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LOCKPORT – Lockport Mayor Anne E. McCaffrey said Thursday the city will not close any of its pothole-riddled streets, because pavement repairs are to begin Monday on some of the worst of them.

McCaffrey said the city can afford to mill off the top 2 inches of the asphalt on parts of nine streets. Villager Construction of Fairport will bring a milling machine to Lockport next week and is to be paid an estimated $68,700 for its work .

The targets include two stretches of Pine Street and parts of Lincoln Avenue, Locust, Willow, Washburn, East High, Gooding and Summit streets. Also, a short stretch of Elmwood Avenue near Washburn was added to the milling list.

“If we weren’t going to mill it, Carter (Hawkes, the Streets Department foreman) thought we should close it,” McCaffrey said.

The notion of street closures was floated at a Common Council work session Wednesday by Alderman John Lombardi III and won the agreement of some of his colleagues. Lombardi argued that leaving drivers to pick their way among the craters would merely lead to more damage claims for auto repairs.

“We are definitively not closing any streets,” McCaffrey declared Thursday. She said she talked Thursday to Hawkes, Engineering and Public Works Director Norman D. Allen and City Treasurer Michael E. White, and they decided that a 2-inch-deep milling job, although not the optimal 6-inch depth, would give presentable results when the streets are repaved.

“Carter is saying we should get five years out of it,” McCaffrey said.

The city will put down fresh asphalt with its new paving machine, which debuted last year on Price Street, Roosevelt Drive, and Beattie and Beverly avenues.

“That new paver worked great. We should get much better results,” the mayor said. “Once we mill it down a couple of inches, it’ll be a much-improved surface.”

Allen said Wednesday the total cost of repaving the nine streets after 2-inch milling, along with repairing utilities such as sewer receivers, would be $483,929. White said Thursday that the city probably can afford it.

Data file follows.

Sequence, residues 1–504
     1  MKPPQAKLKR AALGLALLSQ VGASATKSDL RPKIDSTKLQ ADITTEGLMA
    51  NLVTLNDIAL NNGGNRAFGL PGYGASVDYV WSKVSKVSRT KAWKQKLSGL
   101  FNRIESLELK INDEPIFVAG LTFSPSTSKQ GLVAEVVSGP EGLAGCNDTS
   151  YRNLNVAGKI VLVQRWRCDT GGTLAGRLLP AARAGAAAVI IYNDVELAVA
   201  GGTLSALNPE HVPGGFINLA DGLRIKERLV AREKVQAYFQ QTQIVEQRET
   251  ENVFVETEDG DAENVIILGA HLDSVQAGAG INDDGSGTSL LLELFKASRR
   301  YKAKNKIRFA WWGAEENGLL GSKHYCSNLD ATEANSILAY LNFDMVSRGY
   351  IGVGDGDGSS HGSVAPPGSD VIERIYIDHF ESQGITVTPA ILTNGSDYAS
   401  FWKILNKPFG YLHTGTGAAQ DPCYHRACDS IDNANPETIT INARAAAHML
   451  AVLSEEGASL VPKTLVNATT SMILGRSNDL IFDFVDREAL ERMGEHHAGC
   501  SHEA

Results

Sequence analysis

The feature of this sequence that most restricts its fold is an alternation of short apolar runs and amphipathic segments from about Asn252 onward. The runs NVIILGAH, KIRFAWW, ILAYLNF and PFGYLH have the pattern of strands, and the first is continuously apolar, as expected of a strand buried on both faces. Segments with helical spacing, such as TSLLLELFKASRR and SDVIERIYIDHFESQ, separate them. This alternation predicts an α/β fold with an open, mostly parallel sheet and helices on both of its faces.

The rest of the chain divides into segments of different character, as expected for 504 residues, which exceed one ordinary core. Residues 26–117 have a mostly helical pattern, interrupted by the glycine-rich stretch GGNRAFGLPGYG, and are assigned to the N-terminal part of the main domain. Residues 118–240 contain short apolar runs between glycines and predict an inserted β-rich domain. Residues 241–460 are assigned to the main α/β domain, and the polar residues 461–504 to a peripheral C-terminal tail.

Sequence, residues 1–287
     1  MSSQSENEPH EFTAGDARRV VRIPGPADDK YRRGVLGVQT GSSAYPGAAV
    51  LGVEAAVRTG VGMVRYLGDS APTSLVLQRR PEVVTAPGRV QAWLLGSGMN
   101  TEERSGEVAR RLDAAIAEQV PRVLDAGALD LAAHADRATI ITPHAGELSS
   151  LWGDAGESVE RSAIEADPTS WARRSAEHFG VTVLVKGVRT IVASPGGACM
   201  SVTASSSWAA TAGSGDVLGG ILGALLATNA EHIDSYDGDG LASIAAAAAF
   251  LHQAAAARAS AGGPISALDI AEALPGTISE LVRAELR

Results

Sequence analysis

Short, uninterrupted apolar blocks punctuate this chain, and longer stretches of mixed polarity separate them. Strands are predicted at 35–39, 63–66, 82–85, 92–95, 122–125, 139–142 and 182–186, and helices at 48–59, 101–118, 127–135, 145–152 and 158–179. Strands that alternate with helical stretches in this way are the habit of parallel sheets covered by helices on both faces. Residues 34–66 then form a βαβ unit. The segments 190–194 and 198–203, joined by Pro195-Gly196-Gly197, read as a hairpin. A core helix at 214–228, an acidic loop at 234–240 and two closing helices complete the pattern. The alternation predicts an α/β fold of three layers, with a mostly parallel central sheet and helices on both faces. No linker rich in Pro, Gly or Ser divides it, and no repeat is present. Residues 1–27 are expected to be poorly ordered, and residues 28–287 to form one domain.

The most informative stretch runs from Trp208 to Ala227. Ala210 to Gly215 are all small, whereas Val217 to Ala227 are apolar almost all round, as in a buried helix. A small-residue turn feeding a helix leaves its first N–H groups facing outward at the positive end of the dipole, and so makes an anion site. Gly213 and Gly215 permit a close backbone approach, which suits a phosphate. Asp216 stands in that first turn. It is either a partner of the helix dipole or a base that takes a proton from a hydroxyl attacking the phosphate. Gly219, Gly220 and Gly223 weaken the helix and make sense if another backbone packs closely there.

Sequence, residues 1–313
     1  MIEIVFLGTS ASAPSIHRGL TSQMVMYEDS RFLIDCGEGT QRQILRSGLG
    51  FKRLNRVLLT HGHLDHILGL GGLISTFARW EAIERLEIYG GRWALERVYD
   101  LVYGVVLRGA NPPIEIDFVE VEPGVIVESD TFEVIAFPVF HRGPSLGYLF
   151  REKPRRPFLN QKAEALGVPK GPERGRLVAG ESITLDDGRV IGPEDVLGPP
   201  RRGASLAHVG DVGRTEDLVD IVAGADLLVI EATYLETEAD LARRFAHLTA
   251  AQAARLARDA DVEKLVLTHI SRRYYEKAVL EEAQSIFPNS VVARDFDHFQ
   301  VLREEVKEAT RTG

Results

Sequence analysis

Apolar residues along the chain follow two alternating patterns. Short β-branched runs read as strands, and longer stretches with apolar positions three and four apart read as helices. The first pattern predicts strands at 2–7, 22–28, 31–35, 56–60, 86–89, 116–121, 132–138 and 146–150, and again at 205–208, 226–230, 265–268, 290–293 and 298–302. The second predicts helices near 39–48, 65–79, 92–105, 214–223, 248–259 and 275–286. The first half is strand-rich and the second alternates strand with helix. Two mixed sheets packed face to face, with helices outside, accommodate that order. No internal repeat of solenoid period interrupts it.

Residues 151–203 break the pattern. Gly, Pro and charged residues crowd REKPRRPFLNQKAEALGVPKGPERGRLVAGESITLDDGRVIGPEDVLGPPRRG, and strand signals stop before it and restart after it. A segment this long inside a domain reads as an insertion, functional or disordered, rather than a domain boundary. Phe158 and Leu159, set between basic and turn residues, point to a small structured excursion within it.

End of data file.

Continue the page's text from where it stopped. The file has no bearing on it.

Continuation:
He said the city has $723,395 in state Consolidated Highway Improvement Program, or CHIPS, funding. That includes $218,000 rolled over from last year. White said the city still needs to persuade Albany to allow the use of the money for streets such as Willow that were repaved less than 10 years ago with CHIPS funds. Normally, the state bars such repeat work.

White said, “We’re going to continue to hot patch on other streets.” McCaffrey said three aldermen have accepted her invitation to submit top-10 lists of potholes.

Allen had told the Council on Wednesday he was out of money for hot patch material, but White said Allen was unaware of other funding sources.

“I got another $50,000 for him,” White said. That’s being transferred from a capital reserve fund. Also, the city awaits $53,000 in one-time state aid under a pothole relief program in the new state budget.

Another funding source is $7,600 from the auction of former Mayor Michael W. Tucker’s city car. The online bidding for the 2009 Dodge Charger ended Wednesday at the Auctions International website, and the winner was Colby Auto Sales of the Town of Lockport.

email: tprohaska@buffnews.com